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    $\begingroup$ @Nathaniel LEM and explosion both hold in classical logic... but there's really no useful notion of one following from the other. For that you'd need to go to a weaker system. For instance, arguing from minimal logic, explosion does not imply LEM. (Thus we can add it and get intuitionistic and not classical logic). I know this doesn't answer your main question (thus a comment). $\endgroup$ Mar 18, 2018 at 7:52
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    $\begingroup$ @Nathaniel And on the philosophical end, just cause within minimal logic, LEM does imply explosion wouldn't mean that LEM is the philosophical justification for explosion. There could be separate justifications, with the one for explosion being intuitionistic and the one for LEM classical. But then I think this is basically what you're after. My non-authoritative two cents on this is that it boils down to the fact that intuitionism basically accepts vacuous truth. Thus $\bot \to A$ which says "If I have a proof of something that I have no proof of, then I have a proof of A" is true. $\endgroup$ Mar 18, 2018 at 8:16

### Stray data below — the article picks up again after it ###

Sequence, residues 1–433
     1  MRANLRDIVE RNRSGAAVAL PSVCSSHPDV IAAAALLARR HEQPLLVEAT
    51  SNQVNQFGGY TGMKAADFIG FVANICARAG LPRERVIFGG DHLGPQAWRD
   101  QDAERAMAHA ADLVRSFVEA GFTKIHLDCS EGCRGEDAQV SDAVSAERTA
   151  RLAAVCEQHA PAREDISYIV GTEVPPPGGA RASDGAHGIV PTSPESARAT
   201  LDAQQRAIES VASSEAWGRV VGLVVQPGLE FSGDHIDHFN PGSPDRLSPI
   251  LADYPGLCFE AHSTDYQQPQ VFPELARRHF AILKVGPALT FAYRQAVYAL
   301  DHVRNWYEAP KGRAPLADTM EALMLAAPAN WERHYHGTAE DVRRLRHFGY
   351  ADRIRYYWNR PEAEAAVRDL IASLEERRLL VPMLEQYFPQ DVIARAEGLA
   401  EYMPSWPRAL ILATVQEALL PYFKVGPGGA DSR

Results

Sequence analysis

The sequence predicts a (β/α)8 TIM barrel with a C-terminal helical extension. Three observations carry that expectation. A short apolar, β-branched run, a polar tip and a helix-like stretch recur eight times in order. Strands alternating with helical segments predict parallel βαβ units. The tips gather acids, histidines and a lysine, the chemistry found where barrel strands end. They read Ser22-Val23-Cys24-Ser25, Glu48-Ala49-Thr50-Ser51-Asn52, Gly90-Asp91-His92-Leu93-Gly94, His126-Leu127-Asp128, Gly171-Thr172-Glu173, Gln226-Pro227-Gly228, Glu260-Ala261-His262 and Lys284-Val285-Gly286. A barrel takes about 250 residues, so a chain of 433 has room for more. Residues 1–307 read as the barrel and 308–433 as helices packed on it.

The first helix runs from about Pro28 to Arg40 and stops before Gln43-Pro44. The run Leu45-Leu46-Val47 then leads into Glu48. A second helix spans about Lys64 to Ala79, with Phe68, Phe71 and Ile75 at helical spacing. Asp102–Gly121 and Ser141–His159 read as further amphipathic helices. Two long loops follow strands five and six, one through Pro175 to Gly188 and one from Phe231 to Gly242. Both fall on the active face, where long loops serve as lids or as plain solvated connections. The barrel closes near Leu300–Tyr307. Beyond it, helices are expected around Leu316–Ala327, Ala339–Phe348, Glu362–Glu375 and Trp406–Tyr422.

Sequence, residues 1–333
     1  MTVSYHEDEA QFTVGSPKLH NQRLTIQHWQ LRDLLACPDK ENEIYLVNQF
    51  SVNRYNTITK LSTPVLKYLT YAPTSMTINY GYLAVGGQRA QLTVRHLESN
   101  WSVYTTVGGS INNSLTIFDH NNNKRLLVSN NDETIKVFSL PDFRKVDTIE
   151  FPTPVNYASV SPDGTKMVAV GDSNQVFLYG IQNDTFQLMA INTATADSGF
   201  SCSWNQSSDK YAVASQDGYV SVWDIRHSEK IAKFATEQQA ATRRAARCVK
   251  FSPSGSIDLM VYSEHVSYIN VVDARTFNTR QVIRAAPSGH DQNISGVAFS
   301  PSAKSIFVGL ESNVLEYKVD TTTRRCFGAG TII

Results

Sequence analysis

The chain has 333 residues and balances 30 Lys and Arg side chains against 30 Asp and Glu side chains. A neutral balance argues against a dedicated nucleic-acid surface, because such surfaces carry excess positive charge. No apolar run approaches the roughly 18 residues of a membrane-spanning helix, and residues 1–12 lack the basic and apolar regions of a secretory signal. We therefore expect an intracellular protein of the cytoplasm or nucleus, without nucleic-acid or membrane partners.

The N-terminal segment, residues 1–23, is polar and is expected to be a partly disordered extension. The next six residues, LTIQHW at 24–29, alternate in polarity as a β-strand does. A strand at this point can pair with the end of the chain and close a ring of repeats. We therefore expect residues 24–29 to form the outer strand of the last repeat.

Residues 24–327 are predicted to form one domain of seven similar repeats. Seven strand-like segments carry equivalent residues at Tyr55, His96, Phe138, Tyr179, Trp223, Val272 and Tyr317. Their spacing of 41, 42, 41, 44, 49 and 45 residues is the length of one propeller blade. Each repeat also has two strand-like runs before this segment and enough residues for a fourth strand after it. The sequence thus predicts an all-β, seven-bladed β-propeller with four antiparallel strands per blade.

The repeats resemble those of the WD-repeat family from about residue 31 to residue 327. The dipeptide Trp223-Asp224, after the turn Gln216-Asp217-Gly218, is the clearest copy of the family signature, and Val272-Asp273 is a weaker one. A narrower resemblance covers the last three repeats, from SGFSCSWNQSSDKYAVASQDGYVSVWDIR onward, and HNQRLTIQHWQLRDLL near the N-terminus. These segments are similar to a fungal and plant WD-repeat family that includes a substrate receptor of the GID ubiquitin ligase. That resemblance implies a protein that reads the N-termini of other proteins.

1 Answer 1


"From a proof of $A$, we can construct a proof of $B$" makes it sound like like "$A$ implies $B$ is constructively 'true' if having a proof for $A$ implies we can construct a proof for $B$". This makes it sound like the constructive notion of implication reflects the meta-logical notion of implication in some way.

In the BHK interpretation, a proof of $A\implies B$ isn't the fact that you can build a proof of $B$ given a proof of $A$, it is a function. We don't say "$A\implies B$ is true", we have some proof object that witnesses $A\implies B$. For example, a proof object representing $A\land B\implies A$ is the function $\pi_1$ defined as $\pi_1(a,b)=a$. As another aspect that I should make clear is the "proofs" talked about in the BHK semantics are not formal proofs. They are mathematical objects. You hear terms like "proof object", "evidence", "witness". The point is that the thing which the BHK interpretation refers to as a "proof" is not a fully defined thing (especially as we leverage categorical semantics). A formal proof, or derivation, on the other hand, is some typically tree-like structure involving applications of inference rules and looks something like this, say, and is fully specified.